19. I agree with cherllb: Why did Stephanie Cadieux not think she could learn from the experience? I have met many officials that say the same thing. How could they NOT? Do they honestly believe that they know all there is to do this. Other jobs require practicums and I believe this type of job absolutely needs it. Also, Mara Nord points out that Jagrup recieved a check on the 1st;when January checks were issued on the 19th of December.He was lucky enough to spend the holidays at home with some loving pats on the back and good lucks before his ” adventure “.. I would also love to afford to go out for coffee or buy something ” new “. The one thing he did have, tho was HOPE. He knew this was ending. For those living on assistance, their self-esteem and depression lowers to the point that ” one more NO ” would put them over the edge. I pray this experiment does work for the people and not just fade away. Many people have been talking or asking about it. The people would like to know just what will become of this knowledge; remembering that everyone does not own a computer.

  20. I’m really glad you did this. I consider myself very sympathetic to people living in poverty and yet when I first heard that IA is $610/mo my first thought was “well that’s not so bad, it’s $375 for rent and then $245 for groceries and things” which you show is a flawed perspective. Thank you for showing me this. Raise the rates! and eliminate the hassle for people to find decent support and healthy food and homes.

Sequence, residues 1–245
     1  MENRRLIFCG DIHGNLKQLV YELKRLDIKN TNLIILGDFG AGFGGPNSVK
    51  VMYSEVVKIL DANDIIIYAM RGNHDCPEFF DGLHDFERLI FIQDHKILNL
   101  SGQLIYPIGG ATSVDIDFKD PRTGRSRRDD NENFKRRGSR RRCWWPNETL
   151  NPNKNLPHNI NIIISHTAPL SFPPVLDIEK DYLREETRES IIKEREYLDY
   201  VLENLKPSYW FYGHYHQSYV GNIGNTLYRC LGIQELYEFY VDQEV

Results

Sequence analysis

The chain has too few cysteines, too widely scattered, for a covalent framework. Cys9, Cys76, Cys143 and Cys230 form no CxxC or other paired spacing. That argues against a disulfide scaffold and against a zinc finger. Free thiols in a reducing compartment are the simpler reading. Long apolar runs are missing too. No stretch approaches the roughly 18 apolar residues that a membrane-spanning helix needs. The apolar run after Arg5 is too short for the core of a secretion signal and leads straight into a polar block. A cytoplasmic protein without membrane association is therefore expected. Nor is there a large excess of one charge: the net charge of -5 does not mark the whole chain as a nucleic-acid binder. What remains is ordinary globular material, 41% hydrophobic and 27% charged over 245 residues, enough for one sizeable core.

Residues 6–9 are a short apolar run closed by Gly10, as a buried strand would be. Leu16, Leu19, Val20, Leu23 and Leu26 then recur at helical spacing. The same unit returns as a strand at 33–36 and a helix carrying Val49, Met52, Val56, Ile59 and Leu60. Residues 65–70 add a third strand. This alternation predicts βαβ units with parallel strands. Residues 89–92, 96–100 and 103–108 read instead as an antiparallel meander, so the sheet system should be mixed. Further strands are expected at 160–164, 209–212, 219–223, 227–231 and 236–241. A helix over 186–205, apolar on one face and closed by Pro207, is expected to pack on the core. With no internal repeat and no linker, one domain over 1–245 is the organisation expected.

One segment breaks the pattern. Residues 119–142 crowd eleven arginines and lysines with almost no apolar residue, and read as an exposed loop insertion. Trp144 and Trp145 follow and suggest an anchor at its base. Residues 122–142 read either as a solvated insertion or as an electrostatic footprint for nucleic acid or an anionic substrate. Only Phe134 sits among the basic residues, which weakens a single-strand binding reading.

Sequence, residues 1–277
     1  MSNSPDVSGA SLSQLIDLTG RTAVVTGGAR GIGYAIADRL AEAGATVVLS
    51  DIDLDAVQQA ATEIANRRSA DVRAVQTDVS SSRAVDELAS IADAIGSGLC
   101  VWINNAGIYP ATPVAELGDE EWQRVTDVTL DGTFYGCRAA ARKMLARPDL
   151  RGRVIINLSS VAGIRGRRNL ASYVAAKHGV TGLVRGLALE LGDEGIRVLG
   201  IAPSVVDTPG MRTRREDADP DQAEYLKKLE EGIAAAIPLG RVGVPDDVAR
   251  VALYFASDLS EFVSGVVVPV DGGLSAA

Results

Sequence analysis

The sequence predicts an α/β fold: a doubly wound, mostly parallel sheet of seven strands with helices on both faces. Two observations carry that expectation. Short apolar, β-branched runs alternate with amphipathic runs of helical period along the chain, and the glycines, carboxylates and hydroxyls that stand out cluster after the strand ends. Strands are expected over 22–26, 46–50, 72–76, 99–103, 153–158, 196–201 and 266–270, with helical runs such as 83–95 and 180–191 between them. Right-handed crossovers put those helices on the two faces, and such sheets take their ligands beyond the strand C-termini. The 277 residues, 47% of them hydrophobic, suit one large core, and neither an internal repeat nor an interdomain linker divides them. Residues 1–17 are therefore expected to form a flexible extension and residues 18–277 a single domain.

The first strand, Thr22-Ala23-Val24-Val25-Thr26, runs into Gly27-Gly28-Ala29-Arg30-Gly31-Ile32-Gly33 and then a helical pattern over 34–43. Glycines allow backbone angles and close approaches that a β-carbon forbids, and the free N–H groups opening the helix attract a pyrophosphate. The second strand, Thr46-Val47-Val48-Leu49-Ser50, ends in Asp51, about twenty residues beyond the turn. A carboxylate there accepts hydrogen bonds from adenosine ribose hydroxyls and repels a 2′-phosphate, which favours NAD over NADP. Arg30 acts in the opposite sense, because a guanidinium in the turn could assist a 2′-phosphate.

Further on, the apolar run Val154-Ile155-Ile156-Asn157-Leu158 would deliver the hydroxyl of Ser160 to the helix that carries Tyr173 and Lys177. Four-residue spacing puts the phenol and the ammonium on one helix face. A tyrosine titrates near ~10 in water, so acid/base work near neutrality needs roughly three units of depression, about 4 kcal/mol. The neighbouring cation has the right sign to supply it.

21. There are many people who work retail and put alot of time and committment into their jobs, but many of these people are not given full time work, do not recieve bennefits, do not get paid days off and are working for minimum wage. Yet they are still expected to be available any time to work, must come in to cover for others who may be students and have sports, family or social commitments and these people will often be working overtime to complete to copious amount of work that their employer expects them to work, and they do not get paid for the overtime because they should not be working and should have finished their work already. However these people are very concerned about completing their work and are afraid to be replaced by someone else because we are alway replacable. I feel that too many employer take advantage of their employees and are able to get away with it. And I feel that buy having retail providing so many jobs that are not actually full time and are not good paying jobs that it helps to affect the unemployment rates, so that they look good but in reality its not many hours and not good pay.